Professor Atsushi Fukuoka

Affiliation: Institute for Catalysis, Graduate School of Chemical Sciences and Engineering (Department School of Science Faculty of Science)

Expertise: Chemistry, Catalytic Chemistry

Research Keywords: Catalyst, Nanostructure Chemistry, Freshness Preservation, Cellulose, Chitin

Alma mater: Odate Houmei High School (Akita Prefecture)

Final academic background: Graduate School of Engineering, University of Tokyo

HP address:

A solid catalyst that reduces food loss and creates a sustainable society

(Go to Yumenavi lecture video)

*This article was originally published in the 4th issue of "Frontiers of Knowledge" and has been re-edited for the web. Updated on December 21, 2022

what are you researching?

I am doing research on catalysts. A catalyst is a substance that accelerates a chemical reaction. Even if the reaction does not proceed as it is, it is possible to proceed in a short time by using a catalyst. My research is focused on solid catalysts, and I use two approaches to advance my research. One is to search for a reaction that can use the material of your interest, and the other is to search for a catalyst for the target reaction. The former research has led to the preservation of freshness of vegetables and fruits in refrigerators and storehouses. On the other hand, the latter aims to decompose biomass to synthesize fuels and high-performance chemicals. For the design of solid catalysts, we are studying the basics of catalytic chemistry from the viewpoint of nanostructure chemistry and conducting research to apply it to usable reactions.

Preserving the freshness of vegetables and fruits with a catalyst

Figure 1 Ethylene oxidation by platinum catalyst

We are interested in a material called porous silica, which has pores, and are conducting research to find catalytic reactions that can use this material. More than ten years ago, I started researching the oxidation reaction of ethylene using a catalyst of platinum ultrafine particles attached to silica. In ethylene oxidation, synthesis of ethylene oxide (raw material for PET bottles) by partial oxidation is desired, but when this catalyst is used, ethylene is oxidized to carbon dioxide (CO2), and the desired product cannot be obtained at all. did. However, after reading a paper that said that vegetables release a small amount of ethylene and promote their own ripening, I realized that if ethylene can be completely oxidized to CO2 at low temperatures, it can be used to preserve the freshness of vegetables and fruits. Therefore, when we tested our catalyst, we found that even a small amount of ethylene was completely oxidized at 0ºC, producing CO2 and water (Fig. 1). This led to joint research with a company on its application as a refrigerator catalyst, and refrigerators equipped with this catalyst (named "platinum catalyst") went on sale in 2015 and are still on the market today. . It has also been used in large vegetable storages, prolonging the storage period of vegetables and reducing the amount of waste. We expect that this catalyst technology can also be applied to the storage and transportation of high-value-added Hokkaido agricultural products.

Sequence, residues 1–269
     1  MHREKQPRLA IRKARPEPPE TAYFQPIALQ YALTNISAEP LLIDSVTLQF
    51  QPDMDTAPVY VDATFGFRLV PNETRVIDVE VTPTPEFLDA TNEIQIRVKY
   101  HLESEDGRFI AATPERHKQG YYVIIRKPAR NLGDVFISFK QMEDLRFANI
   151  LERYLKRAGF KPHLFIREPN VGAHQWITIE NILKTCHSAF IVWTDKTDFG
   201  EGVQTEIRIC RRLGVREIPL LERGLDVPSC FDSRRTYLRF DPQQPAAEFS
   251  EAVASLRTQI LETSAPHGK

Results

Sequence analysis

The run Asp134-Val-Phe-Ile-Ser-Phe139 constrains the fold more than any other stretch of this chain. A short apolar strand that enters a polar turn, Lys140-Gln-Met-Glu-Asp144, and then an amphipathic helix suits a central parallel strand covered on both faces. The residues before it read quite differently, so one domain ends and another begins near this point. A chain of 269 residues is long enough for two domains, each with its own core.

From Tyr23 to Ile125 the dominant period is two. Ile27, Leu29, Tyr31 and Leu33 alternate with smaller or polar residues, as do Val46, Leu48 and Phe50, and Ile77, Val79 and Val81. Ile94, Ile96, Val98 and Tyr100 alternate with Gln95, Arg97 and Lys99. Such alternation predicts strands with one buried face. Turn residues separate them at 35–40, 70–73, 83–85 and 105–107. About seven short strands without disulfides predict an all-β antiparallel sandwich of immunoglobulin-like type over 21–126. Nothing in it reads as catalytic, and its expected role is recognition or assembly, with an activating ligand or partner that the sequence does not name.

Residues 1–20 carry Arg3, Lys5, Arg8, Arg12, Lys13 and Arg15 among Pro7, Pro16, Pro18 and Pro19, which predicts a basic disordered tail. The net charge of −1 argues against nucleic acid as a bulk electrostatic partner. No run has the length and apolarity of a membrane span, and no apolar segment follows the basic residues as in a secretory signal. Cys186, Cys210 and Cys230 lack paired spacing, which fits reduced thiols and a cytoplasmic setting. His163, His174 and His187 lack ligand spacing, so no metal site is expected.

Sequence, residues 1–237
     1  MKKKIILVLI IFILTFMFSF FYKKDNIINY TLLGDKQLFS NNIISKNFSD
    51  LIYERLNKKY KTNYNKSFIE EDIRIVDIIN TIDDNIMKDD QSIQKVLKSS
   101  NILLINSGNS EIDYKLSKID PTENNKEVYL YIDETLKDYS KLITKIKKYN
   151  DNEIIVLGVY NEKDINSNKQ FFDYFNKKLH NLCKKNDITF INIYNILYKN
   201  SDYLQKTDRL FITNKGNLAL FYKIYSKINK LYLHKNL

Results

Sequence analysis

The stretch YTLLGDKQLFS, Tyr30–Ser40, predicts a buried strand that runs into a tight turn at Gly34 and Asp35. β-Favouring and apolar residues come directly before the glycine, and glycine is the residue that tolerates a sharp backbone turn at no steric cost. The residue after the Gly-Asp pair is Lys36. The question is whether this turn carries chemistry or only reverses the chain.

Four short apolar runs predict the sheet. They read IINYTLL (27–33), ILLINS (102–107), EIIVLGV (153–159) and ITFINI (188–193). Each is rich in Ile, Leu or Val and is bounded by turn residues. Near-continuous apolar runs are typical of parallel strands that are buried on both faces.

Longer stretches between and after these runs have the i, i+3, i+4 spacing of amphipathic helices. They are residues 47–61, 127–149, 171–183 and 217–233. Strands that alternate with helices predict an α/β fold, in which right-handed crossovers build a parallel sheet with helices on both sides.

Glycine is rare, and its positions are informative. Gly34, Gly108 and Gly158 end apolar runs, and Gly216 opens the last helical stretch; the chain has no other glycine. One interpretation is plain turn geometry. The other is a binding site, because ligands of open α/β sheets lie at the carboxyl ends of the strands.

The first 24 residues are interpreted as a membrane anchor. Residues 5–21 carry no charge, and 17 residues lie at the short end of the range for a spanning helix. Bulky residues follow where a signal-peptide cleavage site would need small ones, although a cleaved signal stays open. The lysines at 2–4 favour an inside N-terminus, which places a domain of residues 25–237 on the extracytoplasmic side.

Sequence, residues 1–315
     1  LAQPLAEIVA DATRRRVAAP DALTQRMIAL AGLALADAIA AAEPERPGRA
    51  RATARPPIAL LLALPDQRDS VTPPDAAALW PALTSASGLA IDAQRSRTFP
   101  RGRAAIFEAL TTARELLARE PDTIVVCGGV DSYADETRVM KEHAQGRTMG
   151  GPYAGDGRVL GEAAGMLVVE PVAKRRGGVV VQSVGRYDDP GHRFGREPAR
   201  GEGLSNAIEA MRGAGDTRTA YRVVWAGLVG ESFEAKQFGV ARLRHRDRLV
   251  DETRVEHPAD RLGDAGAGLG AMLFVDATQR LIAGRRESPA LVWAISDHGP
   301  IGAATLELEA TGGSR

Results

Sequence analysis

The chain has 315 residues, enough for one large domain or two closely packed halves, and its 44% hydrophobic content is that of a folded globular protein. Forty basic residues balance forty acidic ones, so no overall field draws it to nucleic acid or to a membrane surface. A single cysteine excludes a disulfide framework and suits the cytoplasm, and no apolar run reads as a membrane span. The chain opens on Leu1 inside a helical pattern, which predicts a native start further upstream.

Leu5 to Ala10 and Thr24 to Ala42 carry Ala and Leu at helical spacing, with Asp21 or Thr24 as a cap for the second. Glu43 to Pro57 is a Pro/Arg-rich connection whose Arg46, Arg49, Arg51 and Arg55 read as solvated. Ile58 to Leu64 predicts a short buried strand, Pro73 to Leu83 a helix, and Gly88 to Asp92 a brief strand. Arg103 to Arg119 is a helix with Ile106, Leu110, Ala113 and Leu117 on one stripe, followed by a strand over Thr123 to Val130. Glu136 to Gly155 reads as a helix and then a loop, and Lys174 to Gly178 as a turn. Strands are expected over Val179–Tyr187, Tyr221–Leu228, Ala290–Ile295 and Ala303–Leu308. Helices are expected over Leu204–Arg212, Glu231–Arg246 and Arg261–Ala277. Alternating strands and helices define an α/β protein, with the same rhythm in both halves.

Biomass conversion by solid catalyst

Figure 2 Cellulose hydrolysis/hydrogenation

We are also researching biomass conversion with solid catalysts. If biomass is used as a raw material for organic compounds, the consumption of petroleum, which is a limited resource, can be suppressed, and it can also be a measure against global warming. The goal is the depolymerization of cellulose and chitin. However, biomass conversion is not easy. Cellulose has a rigid crystal structure, making it difficult to depolymerize, and once the reaction occurs, it is difficult to stop the reaction with the desired glucose. Conventionally, methods using enzymes or sulfuric acid as catalysts have been tried, but there are problems such as difficulty in reuse. On the other hand, solid catalysts are easy to separate and reuse, so I thought they would be advantageous, so I started researching them. It was also found that hydrolysis and hydrogenation by the supported metal catalyst proceeded with the decomposition of cellulose, producing sorbitol via glucose (Fig. 2). This is the world's first solid-catalyzed cellulose decomposition. Recently, we discovered that the reaction proceeds even with activated carbon, which has weak acid sites, and succeeded in synthesizing glucose from cellulose at high speed. In addition, carbons with weak acid sites can hydrolyze chitin to selectively produce chitin oligosaccharides with high added value (Fig. 3).

Figure 3 Chitin depolymerization method using weakly acidic carbon

What do you want next?

We study the correlation between the structure and reaction mechanism of platinum catalysts. We aim to design higher performance catalysts and reduce the use of precious metals such as platinum. In biomass research, we aim to develop artificial catalysts that enable the depolymerization of crystalline cellulose and to synthesize useful organic nitrogen compounds from chitin.

Reference book

Iwasawa, Kobayashi, Tomishige, Sekine, Ueno, Yui "Catalyst Chemistry" Shokabo (2019)

Related efforts

Food loss reduction project